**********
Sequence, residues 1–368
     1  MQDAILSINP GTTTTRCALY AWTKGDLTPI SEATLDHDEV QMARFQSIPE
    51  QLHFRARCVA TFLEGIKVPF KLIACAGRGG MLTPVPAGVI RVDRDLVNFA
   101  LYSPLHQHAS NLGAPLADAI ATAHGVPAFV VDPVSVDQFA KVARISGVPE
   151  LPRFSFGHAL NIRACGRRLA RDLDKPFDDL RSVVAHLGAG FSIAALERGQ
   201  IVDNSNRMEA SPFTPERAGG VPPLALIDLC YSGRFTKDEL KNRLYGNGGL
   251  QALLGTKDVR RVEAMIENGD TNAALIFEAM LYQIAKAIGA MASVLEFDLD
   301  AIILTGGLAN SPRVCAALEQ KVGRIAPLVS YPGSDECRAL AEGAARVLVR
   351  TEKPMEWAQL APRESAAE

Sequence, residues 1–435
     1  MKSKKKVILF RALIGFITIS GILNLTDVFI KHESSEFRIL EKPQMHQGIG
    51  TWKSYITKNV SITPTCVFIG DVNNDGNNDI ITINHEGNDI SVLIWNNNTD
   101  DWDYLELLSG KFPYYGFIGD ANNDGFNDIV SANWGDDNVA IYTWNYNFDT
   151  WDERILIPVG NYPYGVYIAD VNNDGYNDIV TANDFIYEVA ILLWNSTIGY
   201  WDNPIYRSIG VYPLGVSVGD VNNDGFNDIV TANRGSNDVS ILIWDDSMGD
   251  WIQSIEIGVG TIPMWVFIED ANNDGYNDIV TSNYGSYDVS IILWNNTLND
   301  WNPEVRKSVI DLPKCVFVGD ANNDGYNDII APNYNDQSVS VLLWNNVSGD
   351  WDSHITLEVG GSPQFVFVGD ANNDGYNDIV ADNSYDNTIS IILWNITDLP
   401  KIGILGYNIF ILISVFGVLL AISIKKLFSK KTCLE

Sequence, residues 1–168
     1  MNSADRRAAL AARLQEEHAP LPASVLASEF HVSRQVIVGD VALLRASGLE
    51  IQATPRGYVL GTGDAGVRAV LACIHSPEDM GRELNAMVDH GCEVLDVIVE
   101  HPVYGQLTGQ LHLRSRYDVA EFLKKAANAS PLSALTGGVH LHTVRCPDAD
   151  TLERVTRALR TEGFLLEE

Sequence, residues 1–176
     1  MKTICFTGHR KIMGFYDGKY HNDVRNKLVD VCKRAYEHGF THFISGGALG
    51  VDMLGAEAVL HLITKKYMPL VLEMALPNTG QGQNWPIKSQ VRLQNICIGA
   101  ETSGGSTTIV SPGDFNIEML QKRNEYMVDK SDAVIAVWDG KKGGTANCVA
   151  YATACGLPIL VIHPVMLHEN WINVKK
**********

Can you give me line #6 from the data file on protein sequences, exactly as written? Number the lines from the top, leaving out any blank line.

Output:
   201  IVDNSNRMEA SPFTPERAGG VPPLALIDLC YSGRFTKDEL KNRLYGNGGL